The Art-Deco case shape, with cleverly embedded crown that doesn’t spoil the smooth lines, is contrasted beautifully with the modernist dial details. There are no numerals, just indices, set out in an intriguing formation that appears off-kilter but on second glance has a strange symmetry. The cases are stainless steel, either au naturel or plated with gold, and the myriad Italian-leather straps come in a palette of understated yet rich colours. If any design is going to end the round case’s world domination, Monofore might be the brand to do it.
One To Buy: M01 Silver Watch 41mm (Navy Leather)
If you want to dabble in watchmaking then an Instrmnt is for you. Launched in 2014, in Glasgow, by product designer Pete Sunderland and graphic designer Ross Baynham, every Instrmnt watch arrives unassembled with the tools to DIY. The aesthetic is extremely minimalist, which is lucky as you wouldn’t want to assemble a grande complication at home. A date window and enlarged numerals at 12, 3 6, and 9 on the Field Watch are the only real details.
Movements are Ronda in the Everyday and a rather whizzy Japanese solar powered one in the Field Watch (below), which has a solar cell nestled under the dial. From a single sunny day it can retain enough power for five months. The packaging is as cool as the watches, and all made from recycled coffee cups.
One To Buy: Field Watch
You don’t expect exquisite enamel dials to come from Scotland in general, or Glasgow in particular. However, that is precisely anOrdain’s USP. So much so that the team spent 4,000 hours over three years experimenting with enamel from five different countries in order to hone this craft. They’ve even perfected fumé, that gorgeously smoky enamel that starts bright in the middle then gradates to a dark hue at the edge.
Enamel is not the only thing the anOrdain (named after a Loch) is obsessed about – this British watchmaking brand lives for detail. It even makes its own hands, something with which only the most haute of Swiss brands even bother. The watches, which are powered by modified Sellitas or ETAs, are very limited run so you have to be quick. If you are, you’ll be the proud owner of a truly special timepiece.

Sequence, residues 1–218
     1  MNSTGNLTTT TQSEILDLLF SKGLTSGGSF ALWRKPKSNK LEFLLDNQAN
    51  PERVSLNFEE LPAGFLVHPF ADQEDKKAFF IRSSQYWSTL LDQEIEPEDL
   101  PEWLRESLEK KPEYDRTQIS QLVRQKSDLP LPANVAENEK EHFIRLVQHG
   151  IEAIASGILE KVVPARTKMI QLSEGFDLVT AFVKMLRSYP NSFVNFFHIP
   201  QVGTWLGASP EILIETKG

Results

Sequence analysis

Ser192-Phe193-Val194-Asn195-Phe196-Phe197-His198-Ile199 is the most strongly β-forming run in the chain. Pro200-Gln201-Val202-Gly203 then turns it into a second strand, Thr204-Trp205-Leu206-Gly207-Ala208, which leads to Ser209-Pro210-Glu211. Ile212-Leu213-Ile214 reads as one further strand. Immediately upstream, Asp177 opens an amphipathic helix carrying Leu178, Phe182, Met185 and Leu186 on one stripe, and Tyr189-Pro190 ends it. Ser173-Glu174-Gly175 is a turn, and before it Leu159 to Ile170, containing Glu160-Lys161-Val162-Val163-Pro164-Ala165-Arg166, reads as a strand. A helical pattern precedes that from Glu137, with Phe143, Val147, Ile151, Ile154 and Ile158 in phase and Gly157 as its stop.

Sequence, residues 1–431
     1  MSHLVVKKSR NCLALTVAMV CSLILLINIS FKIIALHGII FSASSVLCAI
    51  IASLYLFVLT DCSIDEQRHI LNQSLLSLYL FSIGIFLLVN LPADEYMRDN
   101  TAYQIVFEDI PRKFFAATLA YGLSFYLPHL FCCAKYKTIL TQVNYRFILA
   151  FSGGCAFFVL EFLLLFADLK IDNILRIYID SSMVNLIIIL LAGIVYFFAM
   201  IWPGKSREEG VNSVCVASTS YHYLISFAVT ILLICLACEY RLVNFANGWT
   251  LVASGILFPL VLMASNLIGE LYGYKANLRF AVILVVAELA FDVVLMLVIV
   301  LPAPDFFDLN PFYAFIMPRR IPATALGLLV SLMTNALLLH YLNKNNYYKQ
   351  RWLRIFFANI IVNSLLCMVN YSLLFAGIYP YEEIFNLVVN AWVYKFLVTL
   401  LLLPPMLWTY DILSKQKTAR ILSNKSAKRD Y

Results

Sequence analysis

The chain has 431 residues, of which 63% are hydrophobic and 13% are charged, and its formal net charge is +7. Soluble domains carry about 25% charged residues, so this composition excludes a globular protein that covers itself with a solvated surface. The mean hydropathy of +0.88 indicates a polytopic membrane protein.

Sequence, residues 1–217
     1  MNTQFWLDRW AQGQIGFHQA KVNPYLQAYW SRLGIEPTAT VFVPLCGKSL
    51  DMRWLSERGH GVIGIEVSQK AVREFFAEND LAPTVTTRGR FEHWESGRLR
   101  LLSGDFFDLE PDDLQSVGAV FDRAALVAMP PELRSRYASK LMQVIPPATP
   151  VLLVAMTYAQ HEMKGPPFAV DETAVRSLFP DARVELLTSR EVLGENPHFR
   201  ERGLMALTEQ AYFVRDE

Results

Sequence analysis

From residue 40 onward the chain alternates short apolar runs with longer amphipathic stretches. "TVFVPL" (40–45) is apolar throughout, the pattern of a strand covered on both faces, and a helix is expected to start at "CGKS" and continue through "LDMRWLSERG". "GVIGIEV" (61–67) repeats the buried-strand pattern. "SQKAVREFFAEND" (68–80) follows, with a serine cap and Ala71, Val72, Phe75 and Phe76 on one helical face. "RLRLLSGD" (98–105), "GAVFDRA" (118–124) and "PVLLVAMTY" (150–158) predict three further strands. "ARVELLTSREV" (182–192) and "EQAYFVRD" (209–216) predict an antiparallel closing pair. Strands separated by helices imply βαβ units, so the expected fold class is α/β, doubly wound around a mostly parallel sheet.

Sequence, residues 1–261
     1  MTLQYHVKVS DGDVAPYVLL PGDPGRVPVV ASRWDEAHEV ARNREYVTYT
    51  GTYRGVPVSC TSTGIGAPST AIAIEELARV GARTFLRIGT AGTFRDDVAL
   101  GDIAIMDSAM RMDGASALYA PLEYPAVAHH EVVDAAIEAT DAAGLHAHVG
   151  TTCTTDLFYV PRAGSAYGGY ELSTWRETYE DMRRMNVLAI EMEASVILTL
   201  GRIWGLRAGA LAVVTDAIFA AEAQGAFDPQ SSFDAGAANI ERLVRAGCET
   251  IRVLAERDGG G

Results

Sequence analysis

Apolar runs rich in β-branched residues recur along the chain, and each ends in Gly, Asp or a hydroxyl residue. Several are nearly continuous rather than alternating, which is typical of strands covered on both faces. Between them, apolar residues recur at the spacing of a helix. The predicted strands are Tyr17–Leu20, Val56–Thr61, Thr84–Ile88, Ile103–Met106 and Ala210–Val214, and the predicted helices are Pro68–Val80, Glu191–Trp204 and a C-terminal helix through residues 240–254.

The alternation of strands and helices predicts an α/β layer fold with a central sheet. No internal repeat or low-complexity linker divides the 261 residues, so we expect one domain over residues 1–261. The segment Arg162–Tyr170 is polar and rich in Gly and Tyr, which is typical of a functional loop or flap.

One To Buy: Model 1 Green Fumé
Jonny Garrett was so inspired by his firefighter grandfather he dedicated a watch brand to him. William Wood didn’t just lend his name to this brand, he informed its entire ethos – from the 1920s firefighter helmet logo to the upcycled hose straps, this is a celebration of the British fire service. It could be gimmicky but manages to swerve that thanks to these details being incorporated into well-designed watches.
The vibe is brightly coloured, retro-sporty with an added tool watch sensibilities. There’s also an element of customisation. You can choose your strap colour on many of the designs and with the Valiant collection, you can even decide whether to power your watch with a Seiko quartz or Sellita automatic movement.
One To Buy: Valliant Collection (Bronze Sapphire)
Schofield Watch Company
Giles Ellis has willingly swum under the radar for 10 years since he launched his first watch in 2011. Inspired by the sea, the coastline and lighthouses, Ellis’ timepieces are rugged, substantial tool watches that you could imagine surviving a sea storm. Despite being a UK brand, Ellis has never chased the ‘Made in England’ moniker on the dial, being very frank about what can be done in the UK in terms of manufacture, however since 2013 all assembly and case finishing has been done in-house.
He is extremely proud of being 100% in control of every aspect of design from the watch to the website. There’s no retail network, which means you have to make a pilgrimage to the small village of Upper Beeding in order to try on a Schofield, something that has added to Ellis’s mystique and cult-like following.